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ADAMCZESKI v. NORTHWEST AIRLINES

United States District Court, Northern District of Illinois, E. D


December 31, 1981

ROBERT J. ADAMCZEWSKI, PLAINTIFF,
v.
NORTHWEST AIRLINES, INC., DEFENDANT.

The opinion of the court was delivered by: Shadur, District Judge.

MEMORANDUM OPINION AND ORDER

Robert J. Adamczewski ("Adamczewski") sues Northwest Airlines, Inc. ("Northwest") for a declaratory judgment invalidating an arbitrator's award rendered by a System Board of Adjustment (the "Board") established in compliance with 45 U.S.C. § 184 ("Section 184"). That award held Adamczewski had been discharged from his job with Northwest for just cause. Both parties have moved for summary judgment. For the reasons stated in this memorandum opinion and order, Northwest's motion is granted and Adamczewski's motion is denied.

Facts*fn1

On January 23, 1980*fn2 one of Adamczewski's supervisors noticed his car parked in an unusual location — inside Northwest's O'Hare International Airport hangar at a position immediately opposite the entrance to the stockroom (Adamczewski was a stock clerk). Though Adamczewski offered a plausible explanation, the supervisor still had misgivings and telephoned a fellow supervisor (the first having gone home in the interim) to check on the car's contents. On request Adamczewski opened his trunk, and the supervisor found a plastic bag containing about 75 paper cups bearing the Trans World Airlines ("TWA") logo and about 50 packets of Maxwell House coffee (served on TWA flights). Adamczewski said the property had been given him (no Northwest property having been given in exchange) by a friend who was a TWA employee.

Next day Adamczewski was suspended for the incident, and TWA asked that Northwest try to determine the name of the TWA employee involved in the unauthorized disposition. On January 25 and 28 Northwest convened two separate "investigation meetings," at which Adamczewski, a Machinists' Union representative and Adamczewski's supervisors were present. Despite numerous requests Adamczewski persistently refused to identify the TWA employee involved. During the second session (agreed to constitute a first-step grievance meeting) a Northwest official warned Adamczewski that if he did not answer that question he would be guilty of insubordination and Northwest would fire him. Upon his union representative's advice that he had no contractual obligation to reveal the name. Adamczewski maintained his refusal. Northwest discharged Adamczewski for:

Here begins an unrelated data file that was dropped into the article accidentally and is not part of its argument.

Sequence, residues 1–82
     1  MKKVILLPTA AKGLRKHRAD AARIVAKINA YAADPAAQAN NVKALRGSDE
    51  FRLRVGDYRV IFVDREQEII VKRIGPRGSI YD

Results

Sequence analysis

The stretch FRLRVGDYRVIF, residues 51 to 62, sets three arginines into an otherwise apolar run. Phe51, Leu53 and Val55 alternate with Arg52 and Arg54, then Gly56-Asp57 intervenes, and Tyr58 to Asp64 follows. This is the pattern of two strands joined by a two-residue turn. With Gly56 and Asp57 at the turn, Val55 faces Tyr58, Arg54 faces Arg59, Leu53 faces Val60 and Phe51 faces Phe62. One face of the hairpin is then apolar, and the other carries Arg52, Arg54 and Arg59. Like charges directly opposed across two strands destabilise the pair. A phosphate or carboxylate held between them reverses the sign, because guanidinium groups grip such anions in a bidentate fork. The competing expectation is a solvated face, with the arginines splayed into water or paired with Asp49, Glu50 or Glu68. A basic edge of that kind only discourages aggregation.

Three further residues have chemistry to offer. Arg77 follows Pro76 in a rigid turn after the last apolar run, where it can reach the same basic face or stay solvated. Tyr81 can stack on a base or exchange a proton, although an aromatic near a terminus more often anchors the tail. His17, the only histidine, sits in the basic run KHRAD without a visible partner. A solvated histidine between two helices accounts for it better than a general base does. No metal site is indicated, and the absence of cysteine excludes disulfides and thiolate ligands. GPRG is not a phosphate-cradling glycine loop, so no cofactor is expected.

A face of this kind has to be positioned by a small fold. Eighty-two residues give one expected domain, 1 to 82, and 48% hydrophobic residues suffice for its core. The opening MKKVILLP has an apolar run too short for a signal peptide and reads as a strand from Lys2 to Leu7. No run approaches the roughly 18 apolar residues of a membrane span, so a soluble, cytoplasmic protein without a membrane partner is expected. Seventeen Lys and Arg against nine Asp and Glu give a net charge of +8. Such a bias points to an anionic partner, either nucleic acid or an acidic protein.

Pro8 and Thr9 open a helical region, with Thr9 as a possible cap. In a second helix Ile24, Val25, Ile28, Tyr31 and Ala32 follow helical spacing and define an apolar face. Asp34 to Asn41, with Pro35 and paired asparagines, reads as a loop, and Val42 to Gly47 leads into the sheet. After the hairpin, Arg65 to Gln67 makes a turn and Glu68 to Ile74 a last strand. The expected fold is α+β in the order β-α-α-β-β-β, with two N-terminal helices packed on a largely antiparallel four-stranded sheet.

Insubordination. Failing to disclose as directed, the name of
  TWA airport employee

  who gave you misappropriated goods which you accepted and
  failure to cooperate in a Company investigation.

Arbitration followed before the Board (established to process employee grievances pursuant to Section 184 and the collective bargaining agreement between Northwest and the Machinists' Union (the "Agreement")). On September 17 the Board held in a 2-1 vote that Adamczewski's discharge was for "just cause." This action followed.

Scope of Review

Despite paying lip service to the principles governing judicial review of labor arbitrations generally and Board decisions in particular, Adamczewski approaches this matter as though this Court were an appellate arbitrator — or more accurately a de novo extension of the original arbitration. Much of his 33-page summary judgment memorandum is devoted to an argumentative discussion of the facts, quarreling with credibility of witnesses and findings by the Board.*fn3

All that is of course impermissible. Decisions of System Boards of Review*fn4 are susceptible to very limited judicial scrutiny indeed — "among the narrowest known to the law." Union Pacific Railroad v. Sheehan, 439 U.S. 89, 91, 99 S.Ct. 399, 401, 58 L.Ed.2d 354 (1978). In fact Union Pacific (id. at 93, 99 S.Ct. at 401) teaches that such an arbitration decision may be overturned only upon one of three grounds:

    (1) failure of the adjustment board to comply with the
  requirements of the statute;

    (2) failure of the board to conform or confine itself to
  matters within the scope of its jurisdiction; and

(3) fraud or corruption.

Adamczewski's Contentions

If the underbrush of obviously inappropriate factually-related arguments is cleared away, Adamczewski's contentions essentially boil down to two:

    (1) Both the Board's procedure and its result violated
  Adamczewski's rights to "fundamental due process."

    (2) Its decision was not made "within its jurisdiction"
  because (a) it punished Adamczewski for behavior "beyond and
  unrelated to the employment relationship" and (b) it was not
  authorized by the collective bargaining agreement and